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Description de l’éditeur
"Daring and delicious, but also emotionally profound."—ELLE
Jane Ganahl is one of millions of single people out there looking for love at midlife, and she's (more or less) happy (damn it!).
Jane Ganahl is forty-nine, single, and loving it—mostly. In Naked on the Page, Ganahl chronicles the highs, lows, and in-betweens of dating at midlife, along with the professional and personal changes that come fast and furious as she heads toward her fiftieth birthday. Writer of the popular Single Minded column for the San Francisco Chronicle, Ganahl employs keen insight and lively wit as she recounts the events of one tumultuous year in her life.
Smart, funny, and always honest, Naked on the Page proves that there's still plenty of life—and love—after youth is gone.
"Jane Ganahl captures what it's all about to be middle-aged and single—with all its ecstatic highs and self-esteem lows. She shows us that life can be rich when you hit 50-with or without a man!"—Candace Bushnell, New York Times bestselling author of Lipstick Jungle and Sex and the City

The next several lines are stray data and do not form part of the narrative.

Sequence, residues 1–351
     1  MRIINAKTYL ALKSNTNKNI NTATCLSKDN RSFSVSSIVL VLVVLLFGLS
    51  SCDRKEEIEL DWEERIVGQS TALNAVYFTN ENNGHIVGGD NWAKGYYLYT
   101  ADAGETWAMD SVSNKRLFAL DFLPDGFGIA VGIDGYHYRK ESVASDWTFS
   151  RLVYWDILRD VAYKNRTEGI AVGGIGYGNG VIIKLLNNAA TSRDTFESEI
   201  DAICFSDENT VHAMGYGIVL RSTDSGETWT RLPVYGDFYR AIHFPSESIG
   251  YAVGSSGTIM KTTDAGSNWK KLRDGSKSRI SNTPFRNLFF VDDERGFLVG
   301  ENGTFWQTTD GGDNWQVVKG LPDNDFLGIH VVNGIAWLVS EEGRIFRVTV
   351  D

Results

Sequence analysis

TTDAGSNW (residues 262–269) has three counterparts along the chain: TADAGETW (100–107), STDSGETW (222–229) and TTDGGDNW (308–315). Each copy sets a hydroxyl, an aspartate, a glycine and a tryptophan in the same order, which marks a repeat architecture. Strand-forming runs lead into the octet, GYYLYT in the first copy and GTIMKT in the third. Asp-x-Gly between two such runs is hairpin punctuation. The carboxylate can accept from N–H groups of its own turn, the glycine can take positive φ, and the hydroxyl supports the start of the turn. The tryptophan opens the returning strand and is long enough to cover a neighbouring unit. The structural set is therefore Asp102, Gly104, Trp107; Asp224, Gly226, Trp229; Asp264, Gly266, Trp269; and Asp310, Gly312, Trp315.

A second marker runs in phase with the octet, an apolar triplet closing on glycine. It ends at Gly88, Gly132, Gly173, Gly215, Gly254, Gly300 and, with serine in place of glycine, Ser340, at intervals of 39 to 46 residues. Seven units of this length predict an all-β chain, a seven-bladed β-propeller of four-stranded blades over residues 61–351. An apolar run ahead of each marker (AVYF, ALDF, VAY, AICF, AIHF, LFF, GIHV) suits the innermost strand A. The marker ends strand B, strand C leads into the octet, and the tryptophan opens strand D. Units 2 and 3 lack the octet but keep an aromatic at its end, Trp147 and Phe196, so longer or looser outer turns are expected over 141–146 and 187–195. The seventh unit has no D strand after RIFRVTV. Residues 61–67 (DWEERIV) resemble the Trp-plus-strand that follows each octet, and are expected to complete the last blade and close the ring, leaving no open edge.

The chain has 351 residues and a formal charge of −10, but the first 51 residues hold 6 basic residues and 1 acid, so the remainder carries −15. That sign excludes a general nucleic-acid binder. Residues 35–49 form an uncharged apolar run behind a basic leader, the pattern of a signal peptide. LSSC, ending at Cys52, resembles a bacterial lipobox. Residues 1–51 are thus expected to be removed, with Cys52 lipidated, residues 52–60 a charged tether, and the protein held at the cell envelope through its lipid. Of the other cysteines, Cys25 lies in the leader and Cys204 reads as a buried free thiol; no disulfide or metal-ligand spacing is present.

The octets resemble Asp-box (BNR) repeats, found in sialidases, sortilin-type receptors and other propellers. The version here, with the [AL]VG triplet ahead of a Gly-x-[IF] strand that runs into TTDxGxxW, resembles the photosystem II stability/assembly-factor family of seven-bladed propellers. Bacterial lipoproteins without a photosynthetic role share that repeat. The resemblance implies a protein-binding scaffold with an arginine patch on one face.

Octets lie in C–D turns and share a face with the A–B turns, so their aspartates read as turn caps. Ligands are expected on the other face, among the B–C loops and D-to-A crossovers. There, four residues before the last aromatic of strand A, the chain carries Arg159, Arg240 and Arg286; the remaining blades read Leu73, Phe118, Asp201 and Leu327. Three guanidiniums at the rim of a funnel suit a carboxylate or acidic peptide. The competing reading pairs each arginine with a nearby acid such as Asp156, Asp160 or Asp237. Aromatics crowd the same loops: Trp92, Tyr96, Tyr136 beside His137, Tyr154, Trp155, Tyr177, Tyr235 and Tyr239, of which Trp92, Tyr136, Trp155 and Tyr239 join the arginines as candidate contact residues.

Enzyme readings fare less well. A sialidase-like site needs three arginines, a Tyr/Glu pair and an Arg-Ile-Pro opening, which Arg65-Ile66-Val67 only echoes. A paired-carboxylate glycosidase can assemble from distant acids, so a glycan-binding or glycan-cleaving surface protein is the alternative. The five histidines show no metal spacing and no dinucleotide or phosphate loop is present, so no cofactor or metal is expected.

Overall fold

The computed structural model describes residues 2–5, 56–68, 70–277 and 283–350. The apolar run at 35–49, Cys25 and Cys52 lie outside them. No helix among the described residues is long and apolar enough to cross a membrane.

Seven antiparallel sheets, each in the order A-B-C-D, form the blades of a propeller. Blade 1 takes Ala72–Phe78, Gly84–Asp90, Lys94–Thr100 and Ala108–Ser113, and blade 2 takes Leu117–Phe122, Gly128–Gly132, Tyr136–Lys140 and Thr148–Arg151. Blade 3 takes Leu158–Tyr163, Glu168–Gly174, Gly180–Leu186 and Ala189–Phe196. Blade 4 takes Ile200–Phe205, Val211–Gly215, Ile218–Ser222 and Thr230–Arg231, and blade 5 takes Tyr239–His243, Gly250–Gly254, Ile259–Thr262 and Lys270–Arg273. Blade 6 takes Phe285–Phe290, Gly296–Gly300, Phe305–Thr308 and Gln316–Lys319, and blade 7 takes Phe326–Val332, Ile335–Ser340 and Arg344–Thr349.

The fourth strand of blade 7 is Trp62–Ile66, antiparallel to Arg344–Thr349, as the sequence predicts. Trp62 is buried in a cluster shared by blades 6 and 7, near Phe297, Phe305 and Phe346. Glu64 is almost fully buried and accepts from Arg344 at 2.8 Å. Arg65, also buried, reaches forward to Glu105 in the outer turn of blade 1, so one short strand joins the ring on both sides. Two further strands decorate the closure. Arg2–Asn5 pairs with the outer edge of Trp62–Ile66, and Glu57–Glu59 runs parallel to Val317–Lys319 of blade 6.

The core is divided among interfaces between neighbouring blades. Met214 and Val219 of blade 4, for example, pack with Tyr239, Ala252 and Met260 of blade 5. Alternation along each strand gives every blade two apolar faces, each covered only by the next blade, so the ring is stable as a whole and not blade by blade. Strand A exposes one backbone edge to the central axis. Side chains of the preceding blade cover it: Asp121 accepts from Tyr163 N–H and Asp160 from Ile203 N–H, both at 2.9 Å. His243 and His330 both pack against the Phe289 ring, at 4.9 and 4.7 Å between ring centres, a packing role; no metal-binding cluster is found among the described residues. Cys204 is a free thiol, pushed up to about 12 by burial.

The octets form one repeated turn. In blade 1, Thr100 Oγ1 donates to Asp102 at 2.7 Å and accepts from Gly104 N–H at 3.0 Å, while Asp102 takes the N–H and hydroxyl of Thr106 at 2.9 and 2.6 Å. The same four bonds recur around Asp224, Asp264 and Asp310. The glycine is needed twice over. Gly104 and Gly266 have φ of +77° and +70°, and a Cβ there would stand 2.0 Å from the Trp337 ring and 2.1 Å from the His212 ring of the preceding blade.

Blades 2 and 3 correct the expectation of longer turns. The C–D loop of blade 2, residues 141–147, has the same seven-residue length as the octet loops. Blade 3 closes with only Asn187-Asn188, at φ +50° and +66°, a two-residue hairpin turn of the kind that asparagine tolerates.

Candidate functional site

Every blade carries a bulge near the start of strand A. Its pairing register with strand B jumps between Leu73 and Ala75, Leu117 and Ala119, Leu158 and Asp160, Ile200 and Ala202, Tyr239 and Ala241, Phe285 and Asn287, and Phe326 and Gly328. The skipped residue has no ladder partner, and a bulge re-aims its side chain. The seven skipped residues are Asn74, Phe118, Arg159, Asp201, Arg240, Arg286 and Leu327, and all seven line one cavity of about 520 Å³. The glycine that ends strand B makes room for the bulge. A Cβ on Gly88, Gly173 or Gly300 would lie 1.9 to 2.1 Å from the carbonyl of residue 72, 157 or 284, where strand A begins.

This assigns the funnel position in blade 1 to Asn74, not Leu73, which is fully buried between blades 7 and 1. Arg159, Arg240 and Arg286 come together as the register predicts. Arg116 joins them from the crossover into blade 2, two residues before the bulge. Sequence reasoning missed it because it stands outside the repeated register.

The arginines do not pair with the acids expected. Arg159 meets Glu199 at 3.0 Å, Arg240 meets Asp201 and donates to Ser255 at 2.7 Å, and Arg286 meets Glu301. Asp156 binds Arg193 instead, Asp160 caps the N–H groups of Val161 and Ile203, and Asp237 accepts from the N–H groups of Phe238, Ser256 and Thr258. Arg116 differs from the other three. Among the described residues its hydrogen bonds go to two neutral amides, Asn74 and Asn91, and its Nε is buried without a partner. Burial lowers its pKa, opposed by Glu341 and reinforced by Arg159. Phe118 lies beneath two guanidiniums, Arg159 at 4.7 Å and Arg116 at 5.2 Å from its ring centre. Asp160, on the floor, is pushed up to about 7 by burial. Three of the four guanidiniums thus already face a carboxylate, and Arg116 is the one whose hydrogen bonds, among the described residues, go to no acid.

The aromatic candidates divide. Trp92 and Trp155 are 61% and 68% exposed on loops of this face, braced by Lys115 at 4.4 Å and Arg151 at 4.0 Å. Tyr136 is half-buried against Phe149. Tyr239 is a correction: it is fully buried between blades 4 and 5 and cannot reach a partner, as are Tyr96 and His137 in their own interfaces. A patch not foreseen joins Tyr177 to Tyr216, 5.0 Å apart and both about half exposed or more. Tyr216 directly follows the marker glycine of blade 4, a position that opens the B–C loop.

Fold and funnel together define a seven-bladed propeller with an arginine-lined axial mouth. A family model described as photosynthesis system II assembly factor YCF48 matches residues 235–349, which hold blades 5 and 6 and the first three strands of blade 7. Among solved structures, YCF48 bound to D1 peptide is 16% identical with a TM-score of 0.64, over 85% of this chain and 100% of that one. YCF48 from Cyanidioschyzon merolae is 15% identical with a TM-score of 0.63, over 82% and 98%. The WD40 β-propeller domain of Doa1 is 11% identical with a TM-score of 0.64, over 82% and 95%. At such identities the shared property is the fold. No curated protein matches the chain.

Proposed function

Ganahl, a 49-year-old San Francisco Chronicle columnist, had almost everything a woman could want: financial stability, a flourishing career, an adoring daughter and the kind of sparkling social life even Dorothy Parker would envy. What she didn't have, though, was a boyfriend and as she looked down the barrel of middle age, when every man she knew was either married, interested only in (much) younger women or otherwise unacceptable, this one-time male-magnet wondered if anyone would ever look at her lustfully again. Ganahl's writing is sassy, fiery (the prose equivalent of her red hair and love of rock and roll), and many readers will nod in amused sympathy as she recounts her disastrous forays into the world of online dating or laments the difficulty of looking sexy in a sensible heel. But the book isn't all self-deprecating humor. Reeling from the one-two punch of her mother's and sister's deaths and struggling to accept her daughter's increasing independence, Ganahl tackles the bigger issues as well. Ganahl may be occasionally, infuriatingly self-defeating, but more often she's pluck and charm personified. Readers, meanwhile, will enjoy Ganahl's romantic portrayal of her beloved San Francisco a character as alive and fully developed as any in the book.